• well, if it’s any consolation, the bright blue lot-hogger new build directly across the street is even uglier.

    The story in Eastwood is the crumbling 30’s brick two story at Park and Eddington that had been cut into apts. It was seriously starting to get that House of a 1000 Corpses vibe when a major reno began recently. Removing all the brick and now doing framing, windows, new Hardi. I should get some pics. Bet the ask when finished will be 100k more with the same sort of finishes as the new McKinney builds. But as a neighbor one block over, I’m certainly not complaining if they can sell it.

  • omg..this is awful!!..they made a cute pre war bungalo into a pre fab Johnny Walker home..this is hideous!!..my God is this the future of Eastwood..these people cant possibly be gay..no gay would build this horror..heaven help us if tasteless neanderthals do this to other old historical neighborhoods..ugh, just hideous

  • Gentrification of the east end is inevitable, but it would be nice if we could enjoy a few years of interstitial where the houses that used to sell for 130 are selling for 180 and the 180’s are going for 260. We really don’t need to jump straight to half-a-million I don’t think.

    Now I realize that there are a lot of Californians that are new in town and their base-level conceptualization of property values is untethered to reality. But so far they have filtered into either the Heights or the outer-ring MPCs. No reason to change this pattern.

  • That kitchen island is really just a terrible decision. If you’re paying over $400k to live east of downtown, the house layout better make perfect sense.

  • Agree with most of the comments. The price point is simply too high for Eastwood, and I live in the neighborhood. IMO, the sweet spot for a carefully renovated Eastwood home is mid-200s. Add square footage to get to a modern size (>2k), and you can add to the price, maybe get it into the mid 300s *if done to perfection*. Anything higher, and people are cross-shopping other neighborhoods that are further along in the gentrification phase. Idylwood might be able to get that kind of price, but only occasionally. It’s a shame, because if they would have kept their goal modest, it would have sold immediately because there is rarely a fully redone house on the market here.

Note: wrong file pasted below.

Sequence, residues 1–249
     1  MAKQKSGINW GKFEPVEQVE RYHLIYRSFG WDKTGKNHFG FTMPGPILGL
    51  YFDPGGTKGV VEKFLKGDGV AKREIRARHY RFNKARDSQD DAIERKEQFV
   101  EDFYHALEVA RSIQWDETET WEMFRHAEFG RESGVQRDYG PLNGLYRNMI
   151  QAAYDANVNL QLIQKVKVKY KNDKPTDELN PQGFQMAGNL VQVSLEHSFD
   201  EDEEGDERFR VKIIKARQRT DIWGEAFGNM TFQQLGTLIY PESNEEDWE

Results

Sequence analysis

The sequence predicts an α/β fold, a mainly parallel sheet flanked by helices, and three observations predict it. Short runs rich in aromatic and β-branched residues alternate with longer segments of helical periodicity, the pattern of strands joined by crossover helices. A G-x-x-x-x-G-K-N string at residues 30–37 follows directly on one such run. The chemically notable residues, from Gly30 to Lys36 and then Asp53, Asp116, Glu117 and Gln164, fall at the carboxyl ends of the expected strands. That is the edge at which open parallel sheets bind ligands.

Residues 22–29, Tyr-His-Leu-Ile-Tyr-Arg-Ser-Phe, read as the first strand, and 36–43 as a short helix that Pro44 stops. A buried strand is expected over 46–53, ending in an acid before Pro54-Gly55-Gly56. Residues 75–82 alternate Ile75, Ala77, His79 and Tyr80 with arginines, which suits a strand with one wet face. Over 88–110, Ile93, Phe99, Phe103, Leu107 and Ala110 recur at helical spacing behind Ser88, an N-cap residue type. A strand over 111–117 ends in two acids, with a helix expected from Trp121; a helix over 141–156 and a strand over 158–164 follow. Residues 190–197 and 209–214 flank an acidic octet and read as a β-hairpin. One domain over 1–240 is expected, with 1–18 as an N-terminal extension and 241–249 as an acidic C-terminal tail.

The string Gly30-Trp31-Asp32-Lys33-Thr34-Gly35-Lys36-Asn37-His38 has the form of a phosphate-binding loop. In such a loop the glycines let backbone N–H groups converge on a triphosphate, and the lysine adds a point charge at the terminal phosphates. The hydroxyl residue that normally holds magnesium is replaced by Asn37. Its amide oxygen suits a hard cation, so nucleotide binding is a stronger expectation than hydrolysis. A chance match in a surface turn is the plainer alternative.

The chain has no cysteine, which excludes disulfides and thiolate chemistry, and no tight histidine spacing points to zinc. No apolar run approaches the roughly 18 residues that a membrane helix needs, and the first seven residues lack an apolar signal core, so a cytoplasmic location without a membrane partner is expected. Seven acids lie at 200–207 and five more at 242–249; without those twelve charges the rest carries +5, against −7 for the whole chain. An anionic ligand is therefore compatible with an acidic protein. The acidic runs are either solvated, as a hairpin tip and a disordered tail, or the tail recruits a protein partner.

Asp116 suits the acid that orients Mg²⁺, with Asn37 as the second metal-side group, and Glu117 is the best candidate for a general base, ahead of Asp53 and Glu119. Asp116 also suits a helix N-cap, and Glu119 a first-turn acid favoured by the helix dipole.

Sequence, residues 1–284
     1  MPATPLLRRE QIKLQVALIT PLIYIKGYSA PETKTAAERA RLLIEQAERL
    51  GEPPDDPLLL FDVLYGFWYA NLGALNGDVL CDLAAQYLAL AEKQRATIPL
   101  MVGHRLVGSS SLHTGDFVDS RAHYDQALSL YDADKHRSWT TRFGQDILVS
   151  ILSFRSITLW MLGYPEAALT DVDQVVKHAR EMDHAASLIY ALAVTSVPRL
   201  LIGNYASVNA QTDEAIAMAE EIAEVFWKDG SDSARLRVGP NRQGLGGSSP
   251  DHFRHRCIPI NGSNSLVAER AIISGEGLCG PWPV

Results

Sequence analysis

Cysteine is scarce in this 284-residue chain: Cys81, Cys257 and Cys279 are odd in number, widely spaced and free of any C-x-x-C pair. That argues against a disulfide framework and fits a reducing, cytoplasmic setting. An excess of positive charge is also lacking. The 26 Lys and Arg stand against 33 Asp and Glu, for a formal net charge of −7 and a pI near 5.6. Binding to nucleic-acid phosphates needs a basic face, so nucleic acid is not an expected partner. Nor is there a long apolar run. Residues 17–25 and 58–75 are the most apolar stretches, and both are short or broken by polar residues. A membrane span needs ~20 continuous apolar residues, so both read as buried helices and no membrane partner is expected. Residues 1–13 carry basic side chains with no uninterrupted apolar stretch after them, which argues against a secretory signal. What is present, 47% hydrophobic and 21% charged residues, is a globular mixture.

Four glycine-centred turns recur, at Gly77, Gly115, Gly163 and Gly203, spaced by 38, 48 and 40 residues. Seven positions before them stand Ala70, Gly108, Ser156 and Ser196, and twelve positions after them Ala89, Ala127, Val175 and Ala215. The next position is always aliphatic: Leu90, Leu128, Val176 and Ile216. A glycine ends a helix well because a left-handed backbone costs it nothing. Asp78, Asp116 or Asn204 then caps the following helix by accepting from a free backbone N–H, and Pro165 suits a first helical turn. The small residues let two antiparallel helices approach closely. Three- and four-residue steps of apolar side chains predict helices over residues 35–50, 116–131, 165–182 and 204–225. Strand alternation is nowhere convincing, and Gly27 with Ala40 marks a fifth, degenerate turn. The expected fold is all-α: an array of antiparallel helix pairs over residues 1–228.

• Why, this place has all the charm of a mid-town townhouse.

  • I can’t say I love the finishes in this house, but the bigger problem is the crazy layout. Most Houstonians looking for a 3000 square foot home want a decent-sized kitchen where you can fit between the counters, a master bedroom suite, other bedrooms larger than 10×10, and a garage. At this price point, you can easily afford a house with all these features, so why would you settle for this? Square footage isn’t everything when it’s not functional, well thought-out space.

  • “Located in the trendy EADO!”
    Marketing this as EaDo? This one looks as phony as the name EaDo sounds but there is a market for this type of redo, but not at this price yet. NY, SF and other high-priced cities have these where only the historic shell is kept, except for maybe an old wall or door as a conversation piece over wine. This one didn’t even bother with that.

  • I like the outside of this house the inside is way to small. Someone will get it for $40k to $50k less than listed and then they will spend $50k to $75k to relay everything out for more room. The island in the kitchen should be pushed up against that far way